With the 15th Asian Games less than two months away, Malaysian sepak takraw coach Jamaluddin Hassan stressed that his team would be drug-free heading into the competition in Doha, Qatar.

 

"It was an embarrassment to be involved in drugs," Jamaluddin said in The Star newspaper on Wednesday.

 

"However, we have done random tests on the 21 players who are in training. None has been found to be involved in drugs.

 

"We will conduct two or three more dope tests in the next 57 days to make sure they are clean and not taking any banned substances."

 

Sepak takraw is similar to volleyball, however players use their feet and legs to kick the ball over the net rather than using their hands.

 

Each team has three players on the court and a smaller ball, traditionally made of rattan but usually made of plastic in competition, is used, with players often performing acrobatic maneuvers to win points.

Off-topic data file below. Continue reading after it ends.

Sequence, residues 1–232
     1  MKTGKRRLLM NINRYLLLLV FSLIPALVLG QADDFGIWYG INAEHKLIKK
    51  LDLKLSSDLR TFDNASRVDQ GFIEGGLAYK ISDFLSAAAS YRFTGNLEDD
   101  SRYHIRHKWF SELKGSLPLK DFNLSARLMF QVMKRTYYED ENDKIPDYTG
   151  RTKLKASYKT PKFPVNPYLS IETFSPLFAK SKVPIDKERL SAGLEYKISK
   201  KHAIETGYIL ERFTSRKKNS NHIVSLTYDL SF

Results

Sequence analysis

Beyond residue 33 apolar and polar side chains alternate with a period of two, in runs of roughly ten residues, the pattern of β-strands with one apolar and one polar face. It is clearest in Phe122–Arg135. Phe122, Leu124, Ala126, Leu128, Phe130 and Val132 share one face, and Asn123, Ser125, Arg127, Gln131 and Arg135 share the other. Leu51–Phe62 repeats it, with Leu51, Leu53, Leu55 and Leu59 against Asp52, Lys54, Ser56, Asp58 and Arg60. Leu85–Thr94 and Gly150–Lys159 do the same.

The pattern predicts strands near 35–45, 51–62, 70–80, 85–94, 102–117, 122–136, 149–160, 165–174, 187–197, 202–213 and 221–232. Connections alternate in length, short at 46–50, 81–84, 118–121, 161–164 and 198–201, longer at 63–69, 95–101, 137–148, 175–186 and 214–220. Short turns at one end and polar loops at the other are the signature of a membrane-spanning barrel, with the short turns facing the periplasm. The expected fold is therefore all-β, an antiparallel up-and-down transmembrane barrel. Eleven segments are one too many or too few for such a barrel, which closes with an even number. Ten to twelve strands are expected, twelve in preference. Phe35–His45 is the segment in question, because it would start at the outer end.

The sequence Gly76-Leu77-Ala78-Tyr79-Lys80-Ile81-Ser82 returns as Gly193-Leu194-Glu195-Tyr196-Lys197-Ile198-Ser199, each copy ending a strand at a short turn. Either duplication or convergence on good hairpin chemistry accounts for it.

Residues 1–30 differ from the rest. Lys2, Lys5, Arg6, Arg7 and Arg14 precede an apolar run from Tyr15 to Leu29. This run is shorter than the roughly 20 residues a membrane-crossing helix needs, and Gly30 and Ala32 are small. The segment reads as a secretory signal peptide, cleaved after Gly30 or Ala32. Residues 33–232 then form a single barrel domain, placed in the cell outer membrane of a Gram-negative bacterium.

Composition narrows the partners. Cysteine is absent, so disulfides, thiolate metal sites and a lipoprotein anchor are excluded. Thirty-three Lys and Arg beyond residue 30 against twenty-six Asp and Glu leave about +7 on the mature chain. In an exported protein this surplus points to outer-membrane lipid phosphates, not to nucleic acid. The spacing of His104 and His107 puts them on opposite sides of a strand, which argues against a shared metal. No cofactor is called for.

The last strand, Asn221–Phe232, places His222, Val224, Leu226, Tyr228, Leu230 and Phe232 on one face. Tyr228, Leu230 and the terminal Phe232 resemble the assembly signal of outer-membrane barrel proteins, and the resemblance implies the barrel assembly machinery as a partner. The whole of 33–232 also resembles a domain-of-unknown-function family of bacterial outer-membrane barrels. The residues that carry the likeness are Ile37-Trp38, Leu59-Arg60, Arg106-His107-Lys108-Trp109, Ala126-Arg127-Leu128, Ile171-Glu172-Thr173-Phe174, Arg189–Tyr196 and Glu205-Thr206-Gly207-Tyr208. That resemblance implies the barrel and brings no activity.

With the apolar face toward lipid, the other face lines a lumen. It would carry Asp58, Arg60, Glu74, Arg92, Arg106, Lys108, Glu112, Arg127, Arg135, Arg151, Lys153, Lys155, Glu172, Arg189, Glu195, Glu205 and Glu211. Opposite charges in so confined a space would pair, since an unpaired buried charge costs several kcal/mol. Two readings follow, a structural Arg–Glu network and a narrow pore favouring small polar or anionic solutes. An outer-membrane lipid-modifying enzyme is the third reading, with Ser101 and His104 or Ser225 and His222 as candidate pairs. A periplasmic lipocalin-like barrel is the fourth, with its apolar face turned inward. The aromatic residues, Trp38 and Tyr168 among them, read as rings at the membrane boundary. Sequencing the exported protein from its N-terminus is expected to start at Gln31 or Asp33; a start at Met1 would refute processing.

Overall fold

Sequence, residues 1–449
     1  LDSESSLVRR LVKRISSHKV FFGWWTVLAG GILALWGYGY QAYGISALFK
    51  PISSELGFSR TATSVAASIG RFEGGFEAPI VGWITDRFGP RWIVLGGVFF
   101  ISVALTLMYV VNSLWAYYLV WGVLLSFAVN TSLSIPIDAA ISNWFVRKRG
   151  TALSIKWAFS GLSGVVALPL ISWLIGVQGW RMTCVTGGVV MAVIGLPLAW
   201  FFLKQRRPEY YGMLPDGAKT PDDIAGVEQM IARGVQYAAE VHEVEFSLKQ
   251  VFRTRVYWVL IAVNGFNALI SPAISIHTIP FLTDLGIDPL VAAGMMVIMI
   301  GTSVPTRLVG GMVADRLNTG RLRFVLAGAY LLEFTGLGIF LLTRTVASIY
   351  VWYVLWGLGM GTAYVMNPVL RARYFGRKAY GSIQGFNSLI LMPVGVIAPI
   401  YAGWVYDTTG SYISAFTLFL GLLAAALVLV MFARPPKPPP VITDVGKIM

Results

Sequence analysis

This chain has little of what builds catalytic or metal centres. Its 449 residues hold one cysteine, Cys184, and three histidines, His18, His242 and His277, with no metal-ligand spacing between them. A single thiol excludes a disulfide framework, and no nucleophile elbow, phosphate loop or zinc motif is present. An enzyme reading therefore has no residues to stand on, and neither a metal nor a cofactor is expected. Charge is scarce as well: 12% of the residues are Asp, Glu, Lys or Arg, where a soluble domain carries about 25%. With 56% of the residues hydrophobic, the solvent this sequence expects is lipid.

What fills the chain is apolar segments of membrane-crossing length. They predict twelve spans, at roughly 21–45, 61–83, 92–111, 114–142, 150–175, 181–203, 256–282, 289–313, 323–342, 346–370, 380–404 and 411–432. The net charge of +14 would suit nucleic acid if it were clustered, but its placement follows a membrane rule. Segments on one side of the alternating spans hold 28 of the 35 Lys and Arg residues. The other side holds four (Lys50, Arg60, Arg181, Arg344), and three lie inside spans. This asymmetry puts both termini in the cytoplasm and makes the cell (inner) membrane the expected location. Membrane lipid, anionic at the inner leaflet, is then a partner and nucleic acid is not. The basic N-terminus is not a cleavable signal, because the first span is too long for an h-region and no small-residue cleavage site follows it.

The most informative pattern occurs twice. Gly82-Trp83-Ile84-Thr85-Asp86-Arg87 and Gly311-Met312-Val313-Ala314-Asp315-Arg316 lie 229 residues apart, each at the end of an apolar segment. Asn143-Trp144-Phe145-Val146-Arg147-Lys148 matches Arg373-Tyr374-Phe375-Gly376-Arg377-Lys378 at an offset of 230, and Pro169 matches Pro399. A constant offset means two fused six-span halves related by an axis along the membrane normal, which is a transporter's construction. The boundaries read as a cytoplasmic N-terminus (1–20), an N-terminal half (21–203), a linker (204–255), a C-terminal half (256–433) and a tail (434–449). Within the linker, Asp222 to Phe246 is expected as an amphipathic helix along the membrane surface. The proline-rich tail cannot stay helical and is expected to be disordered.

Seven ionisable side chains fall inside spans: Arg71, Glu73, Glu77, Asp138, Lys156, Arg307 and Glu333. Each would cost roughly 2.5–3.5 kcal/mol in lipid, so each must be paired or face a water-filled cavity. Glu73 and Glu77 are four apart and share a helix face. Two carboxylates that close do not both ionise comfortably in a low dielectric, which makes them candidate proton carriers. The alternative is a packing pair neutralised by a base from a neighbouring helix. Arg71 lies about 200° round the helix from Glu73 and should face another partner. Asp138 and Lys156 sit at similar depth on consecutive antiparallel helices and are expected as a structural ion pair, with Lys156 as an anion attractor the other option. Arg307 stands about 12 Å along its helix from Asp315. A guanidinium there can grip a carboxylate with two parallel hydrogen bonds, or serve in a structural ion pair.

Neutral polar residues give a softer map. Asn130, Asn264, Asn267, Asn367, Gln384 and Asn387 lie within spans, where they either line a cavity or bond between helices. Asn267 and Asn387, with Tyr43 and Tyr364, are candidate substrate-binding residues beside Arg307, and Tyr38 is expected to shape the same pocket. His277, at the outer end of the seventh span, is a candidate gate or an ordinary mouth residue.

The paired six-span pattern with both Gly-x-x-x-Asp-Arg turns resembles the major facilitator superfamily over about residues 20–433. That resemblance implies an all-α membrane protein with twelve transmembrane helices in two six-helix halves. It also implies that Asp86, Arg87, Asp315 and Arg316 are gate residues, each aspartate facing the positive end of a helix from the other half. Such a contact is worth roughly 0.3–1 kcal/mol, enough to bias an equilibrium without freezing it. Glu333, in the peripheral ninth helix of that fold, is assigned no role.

Ahead of the speak takraw World Championships held earlier in August, Najib Abdul Razak, Malaysian Deputy Prime Minister, said that his country should strive to become the global centre for the exciting sport.

 

"If taekwondo can be associated with South Korea, then when sepak takraw becomes a world sport, it will automatically be identified with Malaysia and this part of the world," Najib said.

 

Also the chairman of the Malaysian government's Cabinet Committee on Sports, Najib felt sepak takraw deserved to be an Olympic sport, and hoped that the Malaysian island of Penang, which is planning a sepak takraw academy, could become the global headquarters for sepak takraw.

 

The 2006 Asian Games takes place in Doha, Qatar from December 1 to 15 with sepak takraw being just one of 39 sports featured in the 15th Asiad.